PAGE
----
With a house party coming up this weekend, we had an important task to complete, and an extra seven hours to explore Tallinn… Here’s just a taste:

The ferry itself is six stories tall, boasting its own liquor store, luxury “trends” store and nightclub—where drinking habits go to breed and a night out consists of a round trip to Tallinn without ever leaving the boat.

The breakfast buffet offers Karelian tarts (hailing from the Finnish region of Karelia, pastries full of rice, topped with a special “egg butter”), smoked salmon and cold cuts, mysterious meatballs and an assortment of very particular cured fish. We spend the entire trip to Tallinn slowly working our way through it all.

My favorite poster from the day.

Tallinn’s Old Town winds away from the harbor, a pleasant mix of cobblestones I’m still feeling in my sore legs, kitsch tourist restaurants loosely modeled after medieval times, posters that seem stuck in another century, souvenir shops and folk art galleries.

My friend, travel sister and current host, posing with an eye-catching door.

Outside one of those restaurants, bored waiters crouch down to scatter crumbs to a few pigeons. Next door, a woman in full-on (presumably) traditional Estonian garb acts as a human signboard—brightly colored embroidery, tightly braided pigtails and elaborate headdress demanding the passerby’s attention. We try to covertly get a picture of her… and fail:

I think she saw us…

But, we are photo-bombed brilliantly by a passing stranger, which makes up for it:

Never seen this guy before in my life.

I spot Captain Jack Sparrow walking down one of the main streets, swagger and all. I get a little bit too excited, fumbling with my camera and missing the photo op. I still wonder what restaurant he was promoting.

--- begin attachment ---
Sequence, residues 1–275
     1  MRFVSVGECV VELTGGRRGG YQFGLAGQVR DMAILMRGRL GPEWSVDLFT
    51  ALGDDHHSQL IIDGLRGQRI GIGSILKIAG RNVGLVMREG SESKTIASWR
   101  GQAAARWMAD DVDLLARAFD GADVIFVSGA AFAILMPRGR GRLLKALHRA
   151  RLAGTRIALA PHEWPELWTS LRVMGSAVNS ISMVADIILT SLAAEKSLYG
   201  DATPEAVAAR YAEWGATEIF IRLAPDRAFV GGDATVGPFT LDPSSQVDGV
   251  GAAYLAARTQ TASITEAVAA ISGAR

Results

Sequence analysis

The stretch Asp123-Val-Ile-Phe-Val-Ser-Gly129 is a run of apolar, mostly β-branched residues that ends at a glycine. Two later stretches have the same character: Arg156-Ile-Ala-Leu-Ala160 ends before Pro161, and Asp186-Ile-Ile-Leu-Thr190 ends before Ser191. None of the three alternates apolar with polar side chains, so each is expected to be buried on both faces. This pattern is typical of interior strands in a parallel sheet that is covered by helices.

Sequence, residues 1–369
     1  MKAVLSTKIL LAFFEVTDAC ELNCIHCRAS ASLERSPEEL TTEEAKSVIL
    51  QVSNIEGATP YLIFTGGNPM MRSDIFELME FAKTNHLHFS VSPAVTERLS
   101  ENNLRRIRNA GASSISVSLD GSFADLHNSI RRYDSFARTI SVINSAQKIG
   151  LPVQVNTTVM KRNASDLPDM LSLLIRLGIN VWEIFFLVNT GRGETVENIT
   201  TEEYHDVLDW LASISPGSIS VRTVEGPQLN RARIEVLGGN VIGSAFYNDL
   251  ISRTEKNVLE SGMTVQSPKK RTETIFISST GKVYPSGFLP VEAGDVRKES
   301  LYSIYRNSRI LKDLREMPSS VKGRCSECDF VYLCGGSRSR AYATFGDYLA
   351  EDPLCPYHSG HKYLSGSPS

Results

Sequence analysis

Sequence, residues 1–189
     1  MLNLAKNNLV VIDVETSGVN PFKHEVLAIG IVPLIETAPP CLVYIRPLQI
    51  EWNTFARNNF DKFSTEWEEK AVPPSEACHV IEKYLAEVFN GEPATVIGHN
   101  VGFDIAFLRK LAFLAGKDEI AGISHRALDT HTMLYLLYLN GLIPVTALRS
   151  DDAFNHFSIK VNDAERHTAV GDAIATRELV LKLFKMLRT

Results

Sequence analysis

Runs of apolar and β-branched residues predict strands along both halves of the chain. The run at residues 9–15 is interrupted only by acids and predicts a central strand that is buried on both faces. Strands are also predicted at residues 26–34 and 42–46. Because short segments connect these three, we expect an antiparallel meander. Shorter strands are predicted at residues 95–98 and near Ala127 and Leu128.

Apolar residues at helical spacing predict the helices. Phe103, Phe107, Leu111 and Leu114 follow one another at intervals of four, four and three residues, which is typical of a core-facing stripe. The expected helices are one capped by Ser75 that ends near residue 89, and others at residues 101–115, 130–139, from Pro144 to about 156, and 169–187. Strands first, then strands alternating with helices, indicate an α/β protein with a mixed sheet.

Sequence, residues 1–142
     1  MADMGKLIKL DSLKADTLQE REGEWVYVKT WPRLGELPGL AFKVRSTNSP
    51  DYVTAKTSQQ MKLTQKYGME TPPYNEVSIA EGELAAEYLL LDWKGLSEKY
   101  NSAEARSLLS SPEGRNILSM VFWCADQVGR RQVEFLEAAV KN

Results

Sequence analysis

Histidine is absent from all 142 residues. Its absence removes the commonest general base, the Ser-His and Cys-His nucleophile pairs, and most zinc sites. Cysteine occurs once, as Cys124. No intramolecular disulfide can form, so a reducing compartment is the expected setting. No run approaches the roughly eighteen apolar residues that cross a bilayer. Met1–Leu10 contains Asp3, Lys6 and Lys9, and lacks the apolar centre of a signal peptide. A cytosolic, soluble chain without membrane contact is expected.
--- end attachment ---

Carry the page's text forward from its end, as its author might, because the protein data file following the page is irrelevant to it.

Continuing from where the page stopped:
As Jack Sparrow disappears down the street, we follow the sound of a Steel HandPan to a busker, and I meet my soulmate in puppy form:

More puppy pictures to come.

As is the case in dedicated tourist towns the world over, we are met with considerable indifference by a considerable portion of Tallinn’s population, with some friendly exceptions. As dusk falls (around 4p.m. in this part of the world), exhausted from some combination of cobblestones and cloudy skies, we settle in for a dinner of Modern Estonian Cuisine before making our way back to the ferry.

Tallinn at dusk—beautiful.

It’s a good day.

***
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Europe

Stockholm Snapshots

Believe it or not, this is right in Stockholm!

I’ve fallen behind. There are several cities I have seen and enjoyed without writing a single word… And so now I’m revisiting not only in person, but also in spirit as I backtrack to bring you these snapshots.

Stockholm first.

(Evidently I have almost no pictures, so these will mostly be word snapshots.)

I arrive in Stockholm in mid-September to visit my oldest friend (for all intents and purposes my big sister) in her new Swedish life. She and her boyfriend graciously share their one-bedroom apartment with me for a week, and I get in what sightseeing I can between work and catching up.

We bake miniature apple pies for fika, Sweden’s infamous coffee and cake time, and cook kugel (noodle casserole) and brisket (Jewish soul food) for a belated Rosh Hashanah celebration.

Based on the tradition of fika alone, I should probably move to Sweden.

I also discover morotsmuffins (the most delicious carrot cake muffins in existence, with cardamom and cream cheese frosting), of which I unfortunately have no photographic evidence. (Ben & Jerry’s, on the other hand, I find myself morally obligated to document—the VT brand has officially gone global.)